By believing it is we who are lacking, we can keep holding onto the hope that, should we only find the key, the right way to be, our mothers will finally love us as we yearn to be loved. Were we to understand that the absence of that love has to do rather with the damage in our mothers that leaves them unable to love us, we would lose all hope. To feel our helplessness, the futility of our desperate attempts to be lovable in the face of their lack of the capacity to love is too devastating to tolerate. With a convoluted kind of loyalty, we as children, and later as adults, “take the rap,” finding presumed inadequacies in our selves to account for the unloving behavior from these damaged mothers: e.g., we are too needy, too ugly, too clumsy, too fat, too stupid. Our vicious inner critics keep the myth alive and keep us ever striving and always failing to feel worthy just as we are.

Often we go on to choose partners who treat us as our mothers treated us. This affirms the myth of our unworthiness, keeping us loyal to our mother’s image: “see, no one can love me any better than she did, it must be me that’s the problem.”

on Facebook at Compassionate Ink​ or www.forthelittleonesinside.com
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Healing the Wounds of Mean Mothering - A Five Part Series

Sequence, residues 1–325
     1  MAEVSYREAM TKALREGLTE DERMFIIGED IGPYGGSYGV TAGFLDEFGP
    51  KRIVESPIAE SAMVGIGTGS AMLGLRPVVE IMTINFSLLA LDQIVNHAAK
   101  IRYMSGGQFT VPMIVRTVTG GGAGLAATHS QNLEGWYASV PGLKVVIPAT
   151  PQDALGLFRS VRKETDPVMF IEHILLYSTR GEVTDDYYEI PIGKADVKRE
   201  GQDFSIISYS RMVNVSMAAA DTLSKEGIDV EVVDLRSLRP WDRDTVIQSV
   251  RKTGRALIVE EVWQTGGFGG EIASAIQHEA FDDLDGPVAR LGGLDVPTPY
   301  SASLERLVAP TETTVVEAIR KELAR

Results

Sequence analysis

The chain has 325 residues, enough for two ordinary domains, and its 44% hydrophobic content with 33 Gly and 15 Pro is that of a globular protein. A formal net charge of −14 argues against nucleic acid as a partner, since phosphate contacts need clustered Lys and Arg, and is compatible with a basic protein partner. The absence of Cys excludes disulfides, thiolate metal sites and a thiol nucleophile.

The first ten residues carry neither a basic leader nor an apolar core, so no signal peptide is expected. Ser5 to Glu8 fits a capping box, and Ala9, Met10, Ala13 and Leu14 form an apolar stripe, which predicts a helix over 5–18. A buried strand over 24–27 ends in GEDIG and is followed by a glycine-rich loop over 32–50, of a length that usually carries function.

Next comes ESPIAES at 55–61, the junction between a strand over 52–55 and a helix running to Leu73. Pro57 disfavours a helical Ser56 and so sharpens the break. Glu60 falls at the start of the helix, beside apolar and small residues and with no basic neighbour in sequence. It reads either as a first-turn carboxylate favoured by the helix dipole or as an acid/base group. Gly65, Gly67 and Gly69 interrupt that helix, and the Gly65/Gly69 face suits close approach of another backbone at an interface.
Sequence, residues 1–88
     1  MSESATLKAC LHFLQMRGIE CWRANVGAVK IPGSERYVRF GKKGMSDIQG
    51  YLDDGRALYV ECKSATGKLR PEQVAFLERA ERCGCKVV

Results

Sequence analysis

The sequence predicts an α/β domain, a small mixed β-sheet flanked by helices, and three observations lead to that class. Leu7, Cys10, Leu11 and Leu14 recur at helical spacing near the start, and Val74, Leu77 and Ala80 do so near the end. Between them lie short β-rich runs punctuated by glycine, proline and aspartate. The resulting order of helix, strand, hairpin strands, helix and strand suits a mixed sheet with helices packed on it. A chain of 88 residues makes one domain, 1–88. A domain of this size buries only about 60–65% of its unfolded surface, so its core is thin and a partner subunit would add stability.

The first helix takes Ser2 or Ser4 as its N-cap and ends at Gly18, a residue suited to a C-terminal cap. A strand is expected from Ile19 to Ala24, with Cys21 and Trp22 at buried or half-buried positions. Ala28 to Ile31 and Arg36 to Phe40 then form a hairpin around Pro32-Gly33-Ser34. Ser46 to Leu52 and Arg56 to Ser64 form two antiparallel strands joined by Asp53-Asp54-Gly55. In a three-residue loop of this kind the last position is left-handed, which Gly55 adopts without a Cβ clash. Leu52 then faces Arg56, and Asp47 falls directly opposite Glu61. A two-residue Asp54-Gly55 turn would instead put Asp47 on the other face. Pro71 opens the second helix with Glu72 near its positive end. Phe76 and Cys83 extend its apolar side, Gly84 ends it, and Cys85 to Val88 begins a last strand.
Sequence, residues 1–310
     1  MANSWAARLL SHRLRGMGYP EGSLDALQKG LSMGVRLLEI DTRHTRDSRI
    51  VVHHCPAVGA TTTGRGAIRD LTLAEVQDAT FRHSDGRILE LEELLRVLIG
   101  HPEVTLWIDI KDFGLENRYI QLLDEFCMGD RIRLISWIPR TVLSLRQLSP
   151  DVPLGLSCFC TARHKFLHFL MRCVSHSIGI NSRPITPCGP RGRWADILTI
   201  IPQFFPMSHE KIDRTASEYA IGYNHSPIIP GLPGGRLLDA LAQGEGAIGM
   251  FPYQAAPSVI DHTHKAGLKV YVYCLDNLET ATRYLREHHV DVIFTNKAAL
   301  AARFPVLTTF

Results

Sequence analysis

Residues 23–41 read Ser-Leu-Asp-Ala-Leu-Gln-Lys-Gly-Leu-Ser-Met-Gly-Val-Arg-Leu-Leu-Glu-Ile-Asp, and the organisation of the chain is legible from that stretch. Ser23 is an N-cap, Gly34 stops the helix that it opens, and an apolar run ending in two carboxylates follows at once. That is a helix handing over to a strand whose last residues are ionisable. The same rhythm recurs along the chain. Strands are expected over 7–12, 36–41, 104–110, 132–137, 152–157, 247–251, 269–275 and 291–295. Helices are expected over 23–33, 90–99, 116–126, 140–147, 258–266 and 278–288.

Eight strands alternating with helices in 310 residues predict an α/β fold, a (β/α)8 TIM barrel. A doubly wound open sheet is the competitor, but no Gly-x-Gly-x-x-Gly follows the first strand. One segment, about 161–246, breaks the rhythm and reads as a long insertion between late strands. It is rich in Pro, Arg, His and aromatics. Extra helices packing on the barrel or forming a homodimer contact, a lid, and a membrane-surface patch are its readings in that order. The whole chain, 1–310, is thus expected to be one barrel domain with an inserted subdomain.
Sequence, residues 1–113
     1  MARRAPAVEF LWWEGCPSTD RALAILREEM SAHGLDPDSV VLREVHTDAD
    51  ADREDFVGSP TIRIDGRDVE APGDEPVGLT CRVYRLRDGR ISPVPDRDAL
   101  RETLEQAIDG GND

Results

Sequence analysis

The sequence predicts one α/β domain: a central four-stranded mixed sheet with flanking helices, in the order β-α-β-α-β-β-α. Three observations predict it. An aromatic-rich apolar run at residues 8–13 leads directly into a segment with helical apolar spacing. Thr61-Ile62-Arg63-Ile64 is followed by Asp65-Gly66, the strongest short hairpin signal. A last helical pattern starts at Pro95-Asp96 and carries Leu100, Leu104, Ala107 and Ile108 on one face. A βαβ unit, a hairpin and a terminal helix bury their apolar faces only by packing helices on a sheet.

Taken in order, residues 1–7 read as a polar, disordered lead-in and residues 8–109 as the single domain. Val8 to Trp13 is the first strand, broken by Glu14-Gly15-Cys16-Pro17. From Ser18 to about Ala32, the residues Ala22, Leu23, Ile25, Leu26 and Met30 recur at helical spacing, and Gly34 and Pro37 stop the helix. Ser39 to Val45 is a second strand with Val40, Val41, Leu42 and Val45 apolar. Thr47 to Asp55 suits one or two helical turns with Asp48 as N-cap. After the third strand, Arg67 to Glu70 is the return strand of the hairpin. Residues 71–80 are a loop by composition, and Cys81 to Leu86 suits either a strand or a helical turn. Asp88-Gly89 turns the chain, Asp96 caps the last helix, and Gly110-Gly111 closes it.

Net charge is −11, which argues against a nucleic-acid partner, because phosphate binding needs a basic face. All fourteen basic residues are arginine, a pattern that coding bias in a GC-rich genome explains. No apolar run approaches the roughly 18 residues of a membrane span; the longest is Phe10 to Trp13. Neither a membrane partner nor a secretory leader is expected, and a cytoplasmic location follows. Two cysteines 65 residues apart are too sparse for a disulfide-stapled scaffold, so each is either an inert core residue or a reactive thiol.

Part 1: The Toxic Legacy of Mean Mothering:

Those of us who were raised by cold, critical, emotionally or physically abusive, unavailable and/or neglectful mothers, almost inevitably find our selves tyrannized by vitriolic inner critics. These viciously undermining voices lead those of us with such histories to treating our selves in the same damaging ways our mothers have treated us.

Despite how we try or what seeming wonders we accomplish in our lives, these undermining voices keep us from ever feeling we are truly worthy or lovable. Their litany can also keep us feeling shamed and diminished by any needs we might have that we cannot deal with on our own. We feel we are never enough or else that we are too much/overwhelming. We keep searching for what magical thing we might do that could finally silence those inner voices that turn everything we do into nothing of value. Yet each such thing, once achieved, becomes valueless; the critical onslaught continues unabated.